John Phipps: Sustainable Agriculture Movements Often Miss the Mark

04:14PM Mar 05, 2020
Hands and soil
The U.S. Roundtable for Sustainable Beef and the STAR program developed in Illinois are two examples of how agriculture is raising the bar on measuring sustainability.
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While it’s always been a buzzword, sustainability has grown into a movement. It pervades the food chain, but also energy, urban development, and even clothing. Usually the term refers to a set of standards, typically vague.

Agriculture is into “sustainable” now, as well. Driven by consumers who have demonstrated the term resonates with them, retailers are sending strong signals down our value chains to come up with a way to get that label on their product. The result is a small side industry of sustainability advisers and innovators.

The beef industry has a good model: The US Roundtable For Sustainable Beef. It is one of the more thorough I have seen because it includes more of the entire value chain than most other industry plans. It is a remarkable step in the right direction, even though its specifics and metrics still need full details, which are the hardest part of all. For example, one metric for cow-calf producers is to have a Grazing Management Plan, but I’ve seen several versions of those from researchers and universities.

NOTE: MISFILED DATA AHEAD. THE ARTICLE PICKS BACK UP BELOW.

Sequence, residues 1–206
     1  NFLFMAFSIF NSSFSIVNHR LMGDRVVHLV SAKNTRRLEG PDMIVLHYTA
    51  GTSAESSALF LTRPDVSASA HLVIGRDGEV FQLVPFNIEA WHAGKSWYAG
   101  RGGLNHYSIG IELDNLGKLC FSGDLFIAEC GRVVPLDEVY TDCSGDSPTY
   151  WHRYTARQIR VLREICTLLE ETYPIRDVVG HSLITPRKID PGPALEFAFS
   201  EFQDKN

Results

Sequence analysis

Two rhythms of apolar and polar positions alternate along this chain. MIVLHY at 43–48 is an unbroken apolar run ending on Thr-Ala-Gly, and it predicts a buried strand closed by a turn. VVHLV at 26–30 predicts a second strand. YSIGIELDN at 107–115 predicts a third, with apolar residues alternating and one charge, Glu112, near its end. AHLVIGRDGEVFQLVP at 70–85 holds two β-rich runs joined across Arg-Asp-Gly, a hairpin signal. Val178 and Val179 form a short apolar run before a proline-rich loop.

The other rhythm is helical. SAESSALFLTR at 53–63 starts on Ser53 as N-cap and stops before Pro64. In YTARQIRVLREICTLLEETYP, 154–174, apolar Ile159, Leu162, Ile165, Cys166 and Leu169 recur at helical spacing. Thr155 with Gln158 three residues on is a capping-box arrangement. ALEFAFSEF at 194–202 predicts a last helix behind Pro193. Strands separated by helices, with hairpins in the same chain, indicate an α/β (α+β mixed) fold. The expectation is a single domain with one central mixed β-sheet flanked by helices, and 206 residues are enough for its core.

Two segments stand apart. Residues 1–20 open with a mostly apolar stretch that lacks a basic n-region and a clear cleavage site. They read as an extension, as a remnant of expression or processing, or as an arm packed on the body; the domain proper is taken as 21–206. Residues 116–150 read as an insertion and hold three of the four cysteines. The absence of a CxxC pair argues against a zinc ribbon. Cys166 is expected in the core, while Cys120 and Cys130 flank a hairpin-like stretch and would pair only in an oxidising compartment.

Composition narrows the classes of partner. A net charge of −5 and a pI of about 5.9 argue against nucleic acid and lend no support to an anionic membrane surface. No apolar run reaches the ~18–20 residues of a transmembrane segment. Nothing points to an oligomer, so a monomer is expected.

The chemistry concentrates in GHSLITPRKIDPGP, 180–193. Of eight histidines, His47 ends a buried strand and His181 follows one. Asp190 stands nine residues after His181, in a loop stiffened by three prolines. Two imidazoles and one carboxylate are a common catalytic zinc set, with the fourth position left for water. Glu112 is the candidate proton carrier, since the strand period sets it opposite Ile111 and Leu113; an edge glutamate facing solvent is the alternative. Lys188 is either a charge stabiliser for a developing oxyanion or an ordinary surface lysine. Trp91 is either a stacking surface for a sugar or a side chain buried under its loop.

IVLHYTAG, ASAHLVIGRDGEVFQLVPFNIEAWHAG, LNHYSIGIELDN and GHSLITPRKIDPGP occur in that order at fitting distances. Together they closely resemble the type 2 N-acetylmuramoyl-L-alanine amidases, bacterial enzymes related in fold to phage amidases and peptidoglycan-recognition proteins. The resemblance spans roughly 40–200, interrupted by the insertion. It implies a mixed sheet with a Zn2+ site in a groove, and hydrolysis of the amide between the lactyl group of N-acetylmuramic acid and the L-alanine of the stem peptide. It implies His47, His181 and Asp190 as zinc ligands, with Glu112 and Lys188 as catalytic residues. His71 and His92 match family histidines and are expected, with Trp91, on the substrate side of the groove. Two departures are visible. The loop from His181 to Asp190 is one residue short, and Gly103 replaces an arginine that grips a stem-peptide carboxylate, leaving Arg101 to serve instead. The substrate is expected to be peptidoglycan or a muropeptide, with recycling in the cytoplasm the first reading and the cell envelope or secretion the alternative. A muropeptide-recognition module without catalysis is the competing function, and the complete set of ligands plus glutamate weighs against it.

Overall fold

In the same way other organizations are working to be able meet various other sustainability standards. All of these efforts are worthwhile, but most are reaching a point where enough planning has been done and actual farming practices have to be affected by those goals. One good example of the detail needed for measurable crop farmer actions to promote sustainability is the STAR program developed in Illinois by Soil and Water Conservation Districts. Its adoption has been slow as is typical for voluntary programs of this nature, but it does list explicit practices to meet sustainable standards.

The odd thing is all of these strategies I have seen, and support, tiptoe around the issue of climate change. There are discussions about greenhouse gas emissions, which are de facto admissions of man-caused climate change, but most statements are meticulously drafted to avoid the dreaded “C” words.  It appears that proponents of sustainable actions reserve the right to believe that whole idea is based on nonsense, even while making considerable efforts to mitigate climate change. As hypocrisy goes these days, this is fairly trivial and not worth fussing over. Besides, I applaud any movement toward rational action on climate change.

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